Photodynamic Therapy (PDT or Blue Light Therapy)

  • Medical Author:
    Gary W. Cole, MD, FAAD

    Dr. Cole is board certified in dermatology. He obtained his BA degree in bacteriology, his MA degree in microbiology, and his MD at the University of California, Los Angeles. He trained in dermatology at the University of Oregon, where he completed his residency.

  • Medical Editor: William C. Shiel Jr., MD, FACP, FACR
    William C. Shiel Jr., MD, FACP, FACR

    William C. Shiel Jr., MD, FACP, FACR

    Dr. Shiel received a Bachelor of Science degree with honors from the University of Notre Dame. There he was involved in research in radiation biology and received the Huisking Scholarship. After graduating from St. Louis University School of Medicine, he completed his Internal Medicine residency and Rheumatology fellowship at the University of California, Irvine. He is board-certified in Internal Medicine and Rheumatology.

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What photosensitizer drugs are available?

FDA-approved photosensitizers include porfimer sodium (Photofrin), 5-aminolevulinic acid or ALA (Levulan), and methyl aminolevulinate [MAOP] (Metvix). More drugs may become available in the near future. Photofrin is used intravenously for internal cancers while Levulan and Metvix are applied topically for skin therapy.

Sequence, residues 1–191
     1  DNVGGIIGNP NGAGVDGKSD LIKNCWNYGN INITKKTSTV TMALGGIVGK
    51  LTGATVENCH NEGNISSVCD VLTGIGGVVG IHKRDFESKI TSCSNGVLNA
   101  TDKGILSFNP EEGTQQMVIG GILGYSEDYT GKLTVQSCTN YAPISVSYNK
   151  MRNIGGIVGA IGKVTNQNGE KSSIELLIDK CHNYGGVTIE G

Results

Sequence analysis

What light sources are available, and how are they applied?

PDT light sources include laser, intense pulsed light, light-emitting diodes (LEDs), blue light, red light, and many other visible lights (including natural sunlight). Photosensitizer drugs may become activated by one or several types of light. The optimal light source depends on the ideal wavelength for the particular drug used and target tissue.

The light source needs to be directly applied to the target tissue for an appropriate amount of time. For surface skin treatments, the light is directly applied to the area of the skin where the photosensitizer drug has been applied (such as face, scalp, arms, etc.). For internal cancers, delivering the light to the desired area is more challenging. The light may be delivered through small fiber-optic cables into the body cavity or area being treated. Sometimes, endoscopes (a thin, lighted, elongated tube that is inserted into a body space) are used to deliver the light into the lungs, stomach, or bladder.

How does photodynamic therapy work?

PDT works by direct injury to the target cells and tissues. This involves the production of an activated oxygen molecule that can injure or destroy nearby cells. Because the normal skin barrier is not present at the sites of the actinic keratoses, photosensitizing molecule is preferentially absorbed there and then activated by light. The activated oxygen destroys the adjacent abnormal tissue. Once the areas have healed following PDT, the areas are reexamined to see if additional treatments or biopsies are needed.

With traditional cryosurgery (freezing with liquid nitrogen), only the visible actinic keratoses can be treated. Since many actinic keratoses are often not evident, PDT might be preferable since it presumably would destroy these "subclinical" lesions. PDT allows for treatment of an entire area of sun damage simultaneously, but subsequent treatments may be necessary.

Medically Reviewed by a Doctor on 2/19/2016

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